The proper place of things also underlies many of the Priestly sexual prohibitions. Accordingly, a casuistic law, a law related to a particular case, on sexual relations follows in verses 20- 22. A man has intercourse with a slave girl who is not yet married but is engaged. Engagement or betrothal was considered tantamount to marriage. Normally such intercourse would be a capital offense. Here, however, execution is not indicated because the woman is a slave who has not yet been freed from slavery; note Deuteronomy 22:23- 27. This case specifically relates to the slave status of the woman. Betrothal would normally bring freedom, but that has not happened here. Rather, the man is to provide a ram for a guilt offering. The text does not mention it, but compensation to the betrothed man or to the slave owner would normally accompany such an offering. The offense is apparently not adultery; the issue is about property rather than life. The sacrifice is an atoning one. The OT recognizes distinctions between slaves and free people, although often with a dose of compassion.
Verses 23- 25 relate more specifically again to farming and the planting of fruit trees. When fruit trees are planted in the promised land, the people are to give them three years of growth before harvesting any fruit. The term used speaks of the tree as “uncircumcised.” Fruit in the fourth year is considered holy, belonging to God, and is donated as an act of praise. Thereafter the fruit is to be eaten. This practice is commended as wise agricultural practice. The instruction is thus practical and theological; see Proverbs 3:9- 10. The view that underlies these verses is that the land and its produce are God’s and thus are to be respected and revered.
19:26- 31 /The chapter moves from agriculture to cultic practice. In the context of the Holiness Code, ancient Israel is to demonstrate loyalty to God its deliverer and so avoid idolatrous and magical customs and practices. The section begins with a typical Holiness Code prohibition against consuming blood and then moves to prohibit divination or sorcery. Divination is the use of omens and signs to predict the future, and sorcery probably reflects a similar practice. The future is God’s, and so such magical practice is deemed inappropriate. Verses 27- 28 prohibit certain mourning rites. The phrase Do not cut the hair at the sides of your head is probably a foreign mourning rite, as also may be the intentional cutting of the beard in some way. The cutting or gashing of the body as well as imprinting marks on the body (put tattoo marks on yourselves) are known to have been foreign mourning rites. The prostituting of a daughter (v. 29) is a practice also labeled as foreign and degrading or profaning. Cultic prostitution was characteristic of some ancient Near Eastern religions. Prostitution would bring profit, which could seduce a father into using this practice. The biblical text shows concern that such an idolatrous practice would spread and defile the land. Verse 30 articulates that concern in a positive way in terms of observing Sabbaths and respecting the sanctuary. Verse 31 concludes the section in the cultic theme by prohibiting the use of necromancy. The medium is one who communicates with the dead; presumably the spiritists of NIV are also practicers of necromancy, although the Hebrew term (yidde’onim) may refer to the spirit which the medium contacts. These practices are signs of idolatry.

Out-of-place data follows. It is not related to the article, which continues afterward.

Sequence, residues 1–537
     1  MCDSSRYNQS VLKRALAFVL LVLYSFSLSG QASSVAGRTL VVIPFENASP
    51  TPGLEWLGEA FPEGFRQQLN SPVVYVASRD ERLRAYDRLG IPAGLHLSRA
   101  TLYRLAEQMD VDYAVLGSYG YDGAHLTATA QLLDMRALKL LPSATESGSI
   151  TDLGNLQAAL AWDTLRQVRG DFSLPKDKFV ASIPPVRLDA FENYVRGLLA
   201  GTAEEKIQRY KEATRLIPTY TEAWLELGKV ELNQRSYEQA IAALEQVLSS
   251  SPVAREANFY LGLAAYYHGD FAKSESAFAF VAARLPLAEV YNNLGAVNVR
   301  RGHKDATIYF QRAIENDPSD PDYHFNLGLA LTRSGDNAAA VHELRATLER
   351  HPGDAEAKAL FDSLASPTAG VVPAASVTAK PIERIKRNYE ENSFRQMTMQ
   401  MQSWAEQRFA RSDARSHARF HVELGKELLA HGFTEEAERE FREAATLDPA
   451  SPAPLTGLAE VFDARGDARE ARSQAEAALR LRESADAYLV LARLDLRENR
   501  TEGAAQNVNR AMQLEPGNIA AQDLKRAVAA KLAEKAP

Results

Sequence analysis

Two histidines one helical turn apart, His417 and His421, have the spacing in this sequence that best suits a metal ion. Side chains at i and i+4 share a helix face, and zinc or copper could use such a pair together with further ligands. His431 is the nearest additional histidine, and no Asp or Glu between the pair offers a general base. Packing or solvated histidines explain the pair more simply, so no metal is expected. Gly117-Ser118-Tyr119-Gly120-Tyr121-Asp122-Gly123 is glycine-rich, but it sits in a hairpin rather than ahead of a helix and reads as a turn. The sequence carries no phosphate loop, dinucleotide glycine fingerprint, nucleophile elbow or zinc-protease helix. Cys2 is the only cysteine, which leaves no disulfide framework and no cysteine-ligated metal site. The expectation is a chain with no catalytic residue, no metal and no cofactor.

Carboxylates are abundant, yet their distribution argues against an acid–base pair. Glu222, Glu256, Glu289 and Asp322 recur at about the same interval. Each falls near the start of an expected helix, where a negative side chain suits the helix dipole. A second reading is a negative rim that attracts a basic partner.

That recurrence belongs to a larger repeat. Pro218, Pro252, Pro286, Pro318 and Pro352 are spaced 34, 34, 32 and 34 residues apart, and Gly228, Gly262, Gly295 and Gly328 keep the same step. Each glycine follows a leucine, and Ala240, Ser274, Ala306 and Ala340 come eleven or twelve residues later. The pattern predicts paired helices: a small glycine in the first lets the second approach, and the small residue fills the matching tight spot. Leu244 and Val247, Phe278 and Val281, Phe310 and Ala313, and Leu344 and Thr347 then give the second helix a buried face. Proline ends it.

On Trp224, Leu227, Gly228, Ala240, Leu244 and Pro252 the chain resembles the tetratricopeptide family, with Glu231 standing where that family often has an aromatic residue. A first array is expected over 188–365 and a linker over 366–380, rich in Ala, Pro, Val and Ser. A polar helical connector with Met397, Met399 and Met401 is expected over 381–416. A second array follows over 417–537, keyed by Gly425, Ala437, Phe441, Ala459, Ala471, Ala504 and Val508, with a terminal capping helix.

19:32- 34 /These verses commend respect for the old and the alien. Length of life was considered a blessing, and so the call is to honor the elderly. Aged is a common term for gray hair and old age, and rising is a sign of respect. This instruction again demonstrates how pervasive are the concerns for holiness. An alien or sojourner is one who is living with the Israelites but is not a citizen. Such a person is to be treated just like those who are native- born. The command from verse 18 is repeated for such resident aliens:Love him as yourself. The motivation here is that Israel had endured such a status in Egypt. Israelites should remember the oppression and seek to overcome it in their relationships. The concern is that the holy people of God are to live in justice, and the ethical demands flowing from that concern include care for the weak, such as the resident alien.